You in the emergency room at Primary Childrens.  You had just got your IV placed and they gave you a called him"Booger Bear"

The next 6 days in the hospital got gradually harder. Only one parent was aloud to stay the night so dad would be there all the time, and I went home in the night so I could take care of Tucker and Alyssa, and Carly.  I would get your sisters off to school and then head straight down to see you.  Each day you got more and more sick.  The chemo was killing all the bad cells in your bone marrow and blood and it caused horrible leg pain. We had to force you to walk.  You would sit in your hospital bed butterfly style with all your weight leaning on your right arm.  You were so afraid to lay down because it hurt so much that you had to hold on tight to me or dads neck and we would have to help you lay on your back. It was so hard to watch you suffer and I wanted to take all your pain away, even though we knew it had to be done.
A rough day in the hospital.  Thank heaven for daddies!

The hardest day in the hospital for me was the day they had to give you the Peg shot in your legs.  You were already in a lot of pain and dad had to hold the top part of your body down and I had to pin down both your legs so they could give the shots.  You were screaming and yelling and scared and you screamed that you hated me.  I started to cry, I knew you didnt mean it, but I cried because you were hurting so much and couldnt understand why all this was happening.  The hardest time dad had in the hospital was actually the middle of the night.  You had developed a really high fever of 104 and you were miserable.  You couldnt get comfortable and you just wanted daddy to hold you.  Her tried but you hurt so much that you cried and cried and sometimes screamed.  It was hard for him to watch you hurting too.

You were really brave and good, but you struggled more and more each day.  It was hard for you to feel so trapped in that little hospital room.  You actually got to a point where you refused to talk to anyone.  You just ignored people when they talked to just wanted to go home. It was hard to watch you cope with all that was going on by retreating into yourself and zoning off into your own world.  Thank heaven for the Priesthood. You learned really fast how much receiving a blessing helped you cope and helped you feel moe comfortable and peaceful so you started asking for them often.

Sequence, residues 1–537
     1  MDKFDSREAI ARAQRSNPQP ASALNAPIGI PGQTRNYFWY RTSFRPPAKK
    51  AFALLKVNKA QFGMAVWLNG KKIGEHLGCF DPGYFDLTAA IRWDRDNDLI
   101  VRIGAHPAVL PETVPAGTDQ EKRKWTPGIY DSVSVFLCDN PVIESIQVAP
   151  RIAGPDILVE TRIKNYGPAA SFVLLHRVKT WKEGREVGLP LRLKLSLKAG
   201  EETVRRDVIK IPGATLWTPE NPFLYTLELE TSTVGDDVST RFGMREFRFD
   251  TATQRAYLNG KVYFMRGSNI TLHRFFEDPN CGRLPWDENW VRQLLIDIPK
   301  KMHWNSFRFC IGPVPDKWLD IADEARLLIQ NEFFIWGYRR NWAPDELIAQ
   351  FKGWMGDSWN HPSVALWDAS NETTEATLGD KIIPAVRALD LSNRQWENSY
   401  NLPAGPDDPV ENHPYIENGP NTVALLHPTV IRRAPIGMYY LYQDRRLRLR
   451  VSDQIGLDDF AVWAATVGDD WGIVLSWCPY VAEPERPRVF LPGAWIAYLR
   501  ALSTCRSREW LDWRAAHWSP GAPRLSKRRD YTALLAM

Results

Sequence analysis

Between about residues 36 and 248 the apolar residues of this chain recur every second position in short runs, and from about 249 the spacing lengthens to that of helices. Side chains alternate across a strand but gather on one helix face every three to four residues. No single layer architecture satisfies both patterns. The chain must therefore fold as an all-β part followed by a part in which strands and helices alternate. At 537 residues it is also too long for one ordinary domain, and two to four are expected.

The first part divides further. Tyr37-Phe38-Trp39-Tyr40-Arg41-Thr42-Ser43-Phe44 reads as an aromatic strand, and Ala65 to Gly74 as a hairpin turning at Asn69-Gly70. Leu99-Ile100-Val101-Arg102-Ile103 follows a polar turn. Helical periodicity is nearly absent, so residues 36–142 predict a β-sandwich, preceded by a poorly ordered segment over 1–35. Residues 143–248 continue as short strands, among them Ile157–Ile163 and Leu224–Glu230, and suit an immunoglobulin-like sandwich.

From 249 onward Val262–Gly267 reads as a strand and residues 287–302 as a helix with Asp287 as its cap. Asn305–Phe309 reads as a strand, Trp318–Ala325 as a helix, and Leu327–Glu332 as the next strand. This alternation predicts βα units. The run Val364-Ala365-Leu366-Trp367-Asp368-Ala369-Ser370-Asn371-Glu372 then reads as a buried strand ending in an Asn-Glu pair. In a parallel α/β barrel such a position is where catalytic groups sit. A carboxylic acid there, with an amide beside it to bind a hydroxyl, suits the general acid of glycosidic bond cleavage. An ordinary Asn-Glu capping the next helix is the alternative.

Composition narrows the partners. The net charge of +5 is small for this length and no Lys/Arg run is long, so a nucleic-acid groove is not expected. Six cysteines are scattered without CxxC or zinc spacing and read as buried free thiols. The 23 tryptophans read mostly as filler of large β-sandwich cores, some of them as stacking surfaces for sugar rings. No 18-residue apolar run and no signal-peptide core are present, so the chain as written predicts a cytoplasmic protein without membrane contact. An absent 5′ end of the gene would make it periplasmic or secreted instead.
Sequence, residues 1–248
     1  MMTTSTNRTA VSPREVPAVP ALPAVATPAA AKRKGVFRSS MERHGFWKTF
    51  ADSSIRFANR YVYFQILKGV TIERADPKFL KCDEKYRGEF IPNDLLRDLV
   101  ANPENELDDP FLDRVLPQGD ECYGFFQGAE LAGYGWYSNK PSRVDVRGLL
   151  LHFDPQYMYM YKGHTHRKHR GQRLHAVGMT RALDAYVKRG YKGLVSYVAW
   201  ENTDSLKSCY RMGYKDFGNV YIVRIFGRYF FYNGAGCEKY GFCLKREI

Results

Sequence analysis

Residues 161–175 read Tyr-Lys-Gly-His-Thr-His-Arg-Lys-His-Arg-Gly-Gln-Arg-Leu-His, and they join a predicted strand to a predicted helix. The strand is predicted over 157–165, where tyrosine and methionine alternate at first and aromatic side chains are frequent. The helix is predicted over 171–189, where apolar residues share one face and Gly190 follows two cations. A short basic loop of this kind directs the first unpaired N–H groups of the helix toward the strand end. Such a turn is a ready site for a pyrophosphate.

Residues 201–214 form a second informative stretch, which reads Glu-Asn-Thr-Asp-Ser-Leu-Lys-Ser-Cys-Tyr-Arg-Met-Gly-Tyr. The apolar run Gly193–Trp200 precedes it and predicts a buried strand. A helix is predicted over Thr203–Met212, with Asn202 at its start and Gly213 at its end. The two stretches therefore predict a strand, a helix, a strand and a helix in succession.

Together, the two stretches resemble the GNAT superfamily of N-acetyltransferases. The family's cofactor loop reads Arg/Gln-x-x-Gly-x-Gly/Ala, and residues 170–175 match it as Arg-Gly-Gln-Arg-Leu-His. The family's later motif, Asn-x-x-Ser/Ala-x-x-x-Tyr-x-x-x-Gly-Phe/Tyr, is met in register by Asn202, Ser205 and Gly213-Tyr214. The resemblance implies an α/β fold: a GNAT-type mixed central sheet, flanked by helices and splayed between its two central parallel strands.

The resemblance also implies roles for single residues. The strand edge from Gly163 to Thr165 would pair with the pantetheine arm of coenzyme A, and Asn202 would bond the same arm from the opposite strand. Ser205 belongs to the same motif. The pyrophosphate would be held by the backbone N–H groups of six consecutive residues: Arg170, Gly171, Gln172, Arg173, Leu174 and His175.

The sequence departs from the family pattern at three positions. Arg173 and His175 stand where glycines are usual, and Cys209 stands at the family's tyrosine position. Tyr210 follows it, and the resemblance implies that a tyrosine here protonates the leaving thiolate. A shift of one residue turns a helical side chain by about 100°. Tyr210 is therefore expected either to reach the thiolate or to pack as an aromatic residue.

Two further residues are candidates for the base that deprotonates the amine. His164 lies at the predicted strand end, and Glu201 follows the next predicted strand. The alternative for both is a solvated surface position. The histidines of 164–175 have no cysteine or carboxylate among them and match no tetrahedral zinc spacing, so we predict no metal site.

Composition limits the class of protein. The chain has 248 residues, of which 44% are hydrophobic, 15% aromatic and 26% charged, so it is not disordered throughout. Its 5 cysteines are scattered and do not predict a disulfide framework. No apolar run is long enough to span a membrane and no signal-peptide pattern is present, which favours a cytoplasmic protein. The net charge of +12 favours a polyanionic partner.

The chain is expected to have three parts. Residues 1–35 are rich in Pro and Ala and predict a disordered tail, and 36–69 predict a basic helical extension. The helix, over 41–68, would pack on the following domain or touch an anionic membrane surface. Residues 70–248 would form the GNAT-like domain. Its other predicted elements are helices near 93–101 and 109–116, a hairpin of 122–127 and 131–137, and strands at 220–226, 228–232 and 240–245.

One of the many gifts you got in the hospital.

Through that whole stay though we still felt so blessed.  The doctors and nurses were beyong amazing, and your prognosis was awesome. We knew you were going to be ok. Not to mention we had an overwhelming outpouring of love and support from family, friends, neighbors, and ward members.  You started getting tons of deliveries of balloons and stuffed animals and visitors. Your nurse Joyce even sanitized a toy kitchen for you and had it brought in your room so you could play. It was good for you to get so many special presents because they helped distract you from all that was going on. There were tons of people bringing us meals and gifts and mowing our lawn and taking care of your big sisters.  It was overwhelming to say the least.

1 comment:

  1. Lea and Mckall, I was not here during the first weeks of your diaganoses and treatment. Thanks for the details.Mckall you are so amazing with the way that you handle all that you have gone through. I am thankful that your dad can give you priesthood blessings that give you comfort and peace. I know that you will look back on this time and see what one tough ckick you are. You will accomplish many things in life and do it with grace just as you are gracefully dealing with luekemia. I love you so much.

    Grammy Shepherd